Though Victor didn’t learn the specific term “eau,” he did say “lait,” the French word for milk, and “Oh Dieu,” which means Oh God. This confirmed what scientists know about how language develops and that it is much more challenging to learn expressive language later in life, after early childhood. What Itard did succeed at, though, was teaching Victor to communicate his wants and needs non-verbally with gestures.
Itard did not limit his interactions with Victor to only instruction. One of his chief aims for him was to expose him to more social interaction. He would often spend time playing with Victor, noting that “…just after he has gone to bed, his first movement is to sit up for me to embrace him, then to draw me to him by seizing my arm and making me sit upon his bed, after which he usually takes me hand, carries it to his eyes, his forehead, the back of his head, and holds it with his upon these parts for a very long time….” (Itard’s memoir). This would often evolve into bursts of laughter from both of them, and Itard cherished these moments of playtime.
This touching scene of teacher/guardian and student/child reminds us that relationships are crucial in education, no matter if you are teaching neurotypical children or not. While Victor may or may not have had a disability, the environment he lived in caused him to have deficit areas of social interaction, language, and sensory needs.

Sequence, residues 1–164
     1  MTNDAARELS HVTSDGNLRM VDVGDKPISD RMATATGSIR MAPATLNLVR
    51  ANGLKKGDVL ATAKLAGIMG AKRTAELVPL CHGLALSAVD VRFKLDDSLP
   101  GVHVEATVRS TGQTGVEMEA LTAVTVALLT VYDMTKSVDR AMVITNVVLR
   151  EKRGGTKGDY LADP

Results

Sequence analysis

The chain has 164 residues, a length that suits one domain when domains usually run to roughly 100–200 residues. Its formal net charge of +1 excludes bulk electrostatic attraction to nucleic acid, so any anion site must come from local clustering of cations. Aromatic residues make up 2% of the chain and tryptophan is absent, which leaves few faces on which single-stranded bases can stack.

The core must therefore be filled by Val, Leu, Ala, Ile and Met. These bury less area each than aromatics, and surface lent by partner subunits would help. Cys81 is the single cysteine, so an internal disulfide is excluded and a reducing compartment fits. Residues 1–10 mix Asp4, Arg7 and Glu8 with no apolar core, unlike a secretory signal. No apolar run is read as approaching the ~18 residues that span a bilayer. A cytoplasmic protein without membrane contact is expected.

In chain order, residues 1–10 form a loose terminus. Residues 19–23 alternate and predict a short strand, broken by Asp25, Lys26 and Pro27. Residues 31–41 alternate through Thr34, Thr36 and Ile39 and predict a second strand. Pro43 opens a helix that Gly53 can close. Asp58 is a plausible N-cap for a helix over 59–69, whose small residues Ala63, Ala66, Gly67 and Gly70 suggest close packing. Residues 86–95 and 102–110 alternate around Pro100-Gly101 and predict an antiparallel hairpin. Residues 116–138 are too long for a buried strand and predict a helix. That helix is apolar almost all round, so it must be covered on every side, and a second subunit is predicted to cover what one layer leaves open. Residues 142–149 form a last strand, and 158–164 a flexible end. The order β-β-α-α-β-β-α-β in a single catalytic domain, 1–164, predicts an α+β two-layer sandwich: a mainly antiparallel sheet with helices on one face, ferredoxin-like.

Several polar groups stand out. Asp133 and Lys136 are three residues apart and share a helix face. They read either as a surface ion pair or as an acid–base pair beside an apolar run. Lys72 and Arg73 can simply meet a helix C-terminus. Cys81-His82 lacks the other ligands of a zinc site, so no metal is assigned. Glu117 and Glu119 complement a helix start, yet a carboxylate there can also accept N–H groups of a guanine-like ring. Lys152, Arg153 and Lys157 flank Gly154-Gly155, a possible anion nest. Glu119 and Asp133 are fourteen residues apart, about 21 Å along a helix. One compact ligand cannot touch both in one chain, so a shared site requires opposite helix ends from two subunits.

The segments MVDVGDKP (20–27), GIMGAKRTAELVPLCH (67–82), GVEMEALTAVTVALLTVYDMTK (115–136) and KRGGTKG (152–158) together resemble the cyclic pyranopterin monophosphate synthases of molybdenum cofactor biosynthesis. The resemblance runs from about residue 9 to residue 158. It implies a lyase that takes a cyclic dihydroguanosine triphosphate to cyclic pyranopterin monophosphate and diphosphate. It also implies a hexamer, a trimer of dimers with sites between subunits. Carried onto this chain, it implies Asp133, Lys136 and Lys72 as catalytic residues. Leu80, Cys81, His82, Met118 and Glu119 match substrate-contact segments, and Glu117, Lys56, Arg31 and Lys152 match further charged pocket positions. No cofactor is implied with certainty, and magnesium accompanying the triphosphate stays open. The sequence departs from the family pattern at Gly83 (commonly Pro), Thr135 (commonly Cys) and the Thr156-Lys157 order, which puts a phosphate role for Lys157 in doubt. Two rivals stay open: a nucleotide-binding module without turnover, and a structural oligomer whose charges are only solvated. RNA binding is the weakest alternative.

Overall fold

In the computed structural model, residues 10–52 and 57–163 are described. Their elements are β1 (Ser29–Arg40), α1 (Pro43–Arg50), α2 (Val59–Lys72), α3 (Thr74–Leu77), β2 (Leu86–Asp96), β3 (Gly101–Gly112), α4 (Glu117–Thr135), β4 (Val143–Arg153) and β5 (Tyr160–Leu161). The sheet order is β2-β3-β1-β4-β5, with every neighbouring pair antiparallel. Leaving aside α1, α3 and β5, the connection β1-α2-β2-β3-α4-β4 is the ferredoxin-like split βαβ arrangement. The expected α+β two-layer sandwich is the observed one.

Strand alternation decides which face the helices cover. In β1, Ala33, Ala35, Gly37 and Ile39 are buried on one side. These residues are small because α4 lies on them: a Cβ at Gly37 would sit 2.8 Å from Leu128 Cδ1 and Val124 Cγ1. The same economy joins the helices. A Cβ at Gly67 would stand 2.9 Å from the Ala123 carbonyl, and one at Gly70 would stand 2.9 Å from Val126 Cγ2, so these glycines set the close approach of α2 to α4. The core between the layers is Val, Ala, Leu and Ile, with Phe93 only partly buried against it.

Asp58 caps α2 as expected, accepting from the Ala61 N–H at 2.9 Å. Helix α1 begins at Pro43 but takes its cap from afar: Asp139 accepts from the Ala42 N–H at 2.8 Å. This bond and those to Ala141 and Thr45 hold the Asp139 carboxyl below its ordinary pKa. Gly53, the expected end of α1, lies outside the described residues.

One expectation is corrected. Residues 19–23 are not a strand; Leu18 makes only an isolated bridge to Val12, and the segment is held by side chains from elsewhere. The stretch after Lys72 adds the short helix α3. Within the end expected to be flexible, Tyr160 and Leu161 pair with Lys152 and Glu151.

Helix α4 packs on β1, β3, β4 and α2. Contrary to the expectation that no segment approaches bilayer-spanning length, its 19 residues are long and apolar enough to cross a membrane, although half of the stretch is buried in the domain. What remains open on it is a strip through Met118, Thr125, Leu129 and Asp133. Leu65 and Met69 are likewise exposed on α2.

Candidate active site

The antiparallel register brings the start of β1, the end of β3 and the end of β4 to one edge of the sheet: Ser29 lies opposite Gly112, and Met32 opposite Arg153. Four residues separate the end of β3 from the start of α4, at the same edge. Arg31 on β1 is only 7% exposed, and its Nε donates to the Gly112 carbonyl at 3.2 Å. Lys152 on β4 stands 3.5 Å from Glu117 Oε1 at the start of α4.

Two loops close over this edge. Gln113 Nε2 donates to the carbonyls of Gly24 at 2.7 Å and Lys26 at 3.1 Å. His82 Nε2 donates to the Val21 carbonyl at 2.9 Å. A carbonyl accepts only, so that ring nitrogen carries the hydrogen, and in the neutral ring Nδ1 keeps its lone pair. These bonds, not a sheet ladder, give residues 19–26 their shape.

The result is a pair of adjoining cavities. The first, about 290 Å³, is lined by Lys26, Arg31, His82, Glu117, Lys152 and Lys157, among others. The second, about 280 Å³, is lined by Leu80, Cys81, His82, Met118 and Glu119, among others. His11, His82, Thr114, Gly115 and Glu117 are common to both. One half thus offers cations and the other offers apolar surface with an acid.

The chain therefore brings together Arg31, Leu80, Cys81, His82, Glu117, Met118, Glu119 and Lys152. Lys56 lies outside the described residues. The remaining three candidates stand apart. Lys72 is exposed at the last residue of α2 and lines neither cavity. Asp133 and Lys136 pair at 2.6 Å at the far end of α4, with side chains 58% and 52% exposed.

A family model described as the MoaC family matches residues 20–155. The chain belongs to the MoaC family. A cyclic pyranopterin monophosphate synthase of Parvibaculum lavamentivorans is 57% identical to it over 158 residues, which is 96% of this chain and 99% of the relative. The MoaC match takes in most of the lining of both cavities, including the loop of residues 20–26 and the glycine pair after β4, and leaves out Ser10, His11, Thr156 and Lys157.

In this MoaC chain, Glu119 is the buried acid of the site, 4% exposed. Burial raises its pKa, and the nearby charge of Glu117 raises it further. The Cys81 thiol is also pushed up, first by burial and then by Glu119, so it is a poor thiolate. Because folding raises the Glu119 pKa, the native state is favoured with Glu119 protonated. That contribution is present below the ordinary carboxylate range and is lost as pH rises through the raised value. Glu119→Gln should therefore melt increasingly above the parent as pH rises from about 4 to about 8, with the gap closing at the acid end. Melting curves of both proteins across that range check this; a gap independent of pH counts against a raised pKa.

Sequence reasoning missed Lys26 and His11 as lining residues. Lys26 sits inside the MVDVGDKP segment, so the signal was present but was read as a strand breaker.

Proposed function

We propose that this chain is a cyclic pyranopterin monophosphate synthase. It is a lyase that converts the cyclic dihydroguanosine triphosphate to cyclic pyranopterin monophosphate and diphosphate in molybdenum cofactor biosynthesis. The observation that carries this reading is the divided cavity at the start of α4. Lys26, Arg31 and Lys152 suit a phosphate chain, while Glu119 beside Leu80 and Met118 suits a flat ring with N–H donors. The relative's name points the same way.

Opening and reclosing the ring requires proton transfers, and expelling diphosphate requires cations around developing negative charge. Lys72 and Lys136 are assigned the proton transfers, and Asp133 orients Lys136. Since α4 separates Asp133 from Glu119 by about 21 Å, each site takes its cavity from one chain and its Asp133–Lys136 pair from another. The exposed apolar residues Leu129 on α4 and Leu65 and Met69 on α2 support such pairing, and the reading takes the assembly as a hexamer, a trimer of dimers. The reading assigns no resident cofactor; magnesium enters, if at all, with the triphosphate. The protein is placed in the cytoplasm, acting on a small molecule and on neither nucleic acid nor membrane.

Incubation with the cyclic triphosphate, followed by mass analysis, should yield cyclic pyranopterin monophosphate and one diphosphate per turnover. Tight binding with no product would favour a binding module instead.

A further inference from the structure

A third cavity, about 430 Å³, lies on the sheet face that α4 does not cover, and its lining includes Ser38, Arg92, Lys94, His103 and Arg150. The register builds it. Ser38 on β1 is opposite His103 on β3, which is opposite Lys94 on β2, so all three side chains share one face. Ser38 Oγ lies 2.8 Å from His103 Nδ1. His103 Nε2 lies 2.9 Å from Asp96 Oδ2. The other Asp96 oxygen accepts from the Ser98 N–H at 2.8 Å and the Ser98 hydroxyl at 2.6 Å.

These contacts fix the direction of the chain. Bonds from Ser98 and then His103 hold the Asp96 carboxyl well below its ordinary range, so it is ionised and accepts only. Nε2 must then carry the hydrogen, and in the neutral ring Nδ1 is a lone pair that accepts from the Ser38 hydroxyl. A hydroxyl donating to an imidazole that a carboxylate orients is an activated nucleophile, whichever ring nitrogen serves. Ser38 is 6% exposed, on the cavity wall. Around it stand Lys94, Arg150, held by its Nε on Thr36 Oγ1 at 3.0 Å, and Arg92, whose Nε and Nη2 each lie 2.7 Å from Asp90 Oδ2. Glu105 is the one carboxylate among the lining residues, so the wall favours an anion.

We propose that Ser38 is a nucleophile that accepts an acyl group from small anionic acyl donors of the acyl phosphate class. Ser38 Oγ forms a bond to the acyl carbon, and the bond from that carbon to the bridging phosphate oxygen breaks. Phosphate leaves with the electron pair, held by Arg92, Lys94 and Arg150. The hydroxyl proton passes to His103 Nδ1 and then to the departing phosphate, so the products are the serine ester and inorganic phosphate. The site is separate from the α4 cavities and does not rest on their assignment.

As educators (and pre-service teachers), we can look back at this first case of specialized instruction and glean a few insights.
Against all the odds, Itard thought that he could make a difference for Victor and his life. And even though by his own standard, he felt he was a failure, Victor made progress toward his goals. As educators, we can take solace that even from the beginning, special education won’t fix everything, but if we can increase the quality of life for our students, it is a worthwhile effort.
When you look at the goals that Itard setup for Victor, they look eerily similar to some of the goals for students with disabilities. Even the methods of instruction are comparable, like enticing language by removing an object that the student wants or contriving a situation where they have to communicate what they want. One would hope that we have developed more sophisticated interventions and that there is still more to learn about students with disabilities.
How do you think Victor’s life would have been different if he had peer models while Itard was teaching him language and socialization? While this is merely conjecture, what we know about generalization would lend itself to Victor learning expected behavior by observing his peers.
No matter how significantly disabled a person is, human interaction and belonging are essential to growth. We see this with Itard’s example in his memoir. This should remind us to always look for opportunities to include our students with nondisabled peers.